By measuring the FWHM of the power coupled out of the waveguide as a function of z (the distance from the output facet along the optical axis) the angular dispersion is found to be θT =22°, in the vertical direction, and θH = 8° in the horizontal direction. Using these values and Snell’s law for silicon/air interface, the solid angle of collection within the waveguide can be calculated to be 0.013 Sr.
The Raman spectra were measured for both forward and reverse scattering geometries. The pump polarization was oriented parallel to the polarization of the TE0 waveguide mode. All measurements were performed at room temperature. In order to establish the fact that the observed emission is from the waveguide and not from bulk silicon, measurements were repeated for different offsets of the waveguide relative to the optical axis. The measured spectra are shown in Fig. 3. The spectra, measured along the polarization of the TM0 waveguide mode, show a peak at 1542 nm, corresponding to a 15.7 THz red-shifted from the pump wavelength. These observations are in excellent agreement with the value of the optical phonon frequency in silicon.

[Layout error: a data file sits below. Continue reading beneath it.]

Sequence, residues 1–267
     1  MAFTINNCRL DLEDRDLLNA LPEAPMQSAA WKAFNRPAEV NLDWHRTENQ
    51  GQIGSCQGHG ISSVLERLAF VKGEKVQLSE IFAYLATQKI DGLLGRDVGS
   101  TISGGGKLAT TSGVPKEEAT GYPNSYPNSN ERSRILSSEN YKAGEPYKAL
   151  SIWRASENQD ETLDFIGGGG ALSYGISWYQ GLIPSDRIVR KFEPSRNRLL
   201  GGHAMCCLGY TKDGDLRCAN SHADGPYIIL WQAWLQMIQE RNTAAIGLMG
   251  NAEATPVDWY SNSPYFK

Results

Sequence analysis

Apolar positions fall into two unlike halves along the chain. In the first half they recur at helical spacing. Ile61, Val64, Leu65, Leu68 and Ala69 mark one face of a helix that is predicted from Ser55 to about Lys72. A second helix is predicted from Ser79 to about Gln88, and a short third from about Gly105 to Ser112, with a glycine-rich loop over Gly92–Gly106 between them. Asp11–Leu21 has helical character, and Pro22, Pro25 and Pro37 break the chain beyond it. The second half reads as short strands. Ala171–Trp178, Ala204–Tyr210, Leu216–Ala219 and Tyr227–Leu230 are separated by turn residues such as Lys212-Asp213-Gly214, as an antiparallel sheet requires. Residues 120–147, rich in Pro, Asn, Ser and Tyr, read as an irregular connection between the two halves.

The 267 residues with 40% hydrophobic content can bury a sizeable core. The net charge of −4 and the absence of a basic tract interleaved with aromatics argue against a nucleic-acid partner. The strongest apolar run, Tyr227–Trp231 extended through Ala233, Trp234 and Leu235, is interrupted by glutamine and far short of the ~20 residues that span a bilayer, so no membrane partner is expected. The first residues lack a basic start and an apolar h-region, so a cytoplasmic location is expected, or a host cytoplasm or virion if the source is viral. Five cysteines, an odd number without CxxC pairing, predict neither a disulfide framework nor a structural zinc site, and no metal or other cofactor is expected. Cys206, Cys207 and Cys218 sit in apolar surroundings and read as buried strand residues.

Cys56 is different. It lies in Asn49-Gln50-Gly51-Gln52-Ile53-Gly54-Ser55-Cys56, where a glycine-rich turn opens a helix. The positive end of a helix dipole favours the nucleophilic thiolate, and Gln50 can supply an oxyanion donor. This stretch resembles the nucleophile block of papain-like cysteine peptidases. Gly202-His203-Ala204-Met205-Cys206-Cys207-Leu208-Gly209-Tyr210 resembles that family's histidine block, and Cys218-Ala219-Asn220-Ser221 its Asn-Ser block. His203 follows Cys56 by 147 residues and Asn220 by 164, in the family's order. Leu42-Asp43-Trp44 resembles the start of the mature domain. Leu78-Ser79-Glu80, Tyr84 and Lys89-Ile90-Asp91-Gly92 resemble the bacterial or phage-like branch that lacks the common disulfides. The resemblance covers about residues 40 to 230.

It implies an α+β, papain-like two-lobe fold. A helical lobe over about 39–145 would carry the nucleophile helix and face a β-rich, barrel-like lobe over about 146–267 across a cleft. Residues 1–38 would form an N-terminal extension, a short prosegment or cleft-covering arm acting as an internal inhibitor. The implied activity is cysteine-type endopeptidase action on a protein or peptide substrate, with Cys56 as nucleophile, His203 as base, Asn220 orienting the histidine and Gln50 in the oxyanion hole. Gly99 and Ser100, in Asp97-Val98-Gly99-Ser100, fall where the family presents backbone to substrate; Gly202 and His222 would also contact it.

The spectral width of 350 GHz is the convolution of the silicon Raman linewidth, 105 GHz, and the 250 GHz (non-Gaussian) linewidth of the pump laser. Figure 4 shows the measured spatial profile for the Raman emission, along with BPM simulated mode profiles for the TMo mode of the waveguide. Assuming Gaussian spatial profiles, values of 3.8 ± 0.5 μm for the horizontal distribution and 2.3 ± 0.5 μm for the vertical distribution are obtained. The vertical measured profile is in excellent agreement with the BPM simulation, although the horizontal profile deviates by approximately 25%. This can be attributed to the uncertainty in the width of the rib section caused by undercutting during the etching process.
Figure 5 shows the Raman spectra, measured in the forward scattering geometry at the output end of the waveguide, as a function of pump laser power. The pump laser power was measured after the PBS (Fig. 1) and before the waveguide coupling optics. The observed broadening of the linewidth at higher pump powers is due to the broadening of the pump laser linewidth. This is a well documented effect for the pump laser used .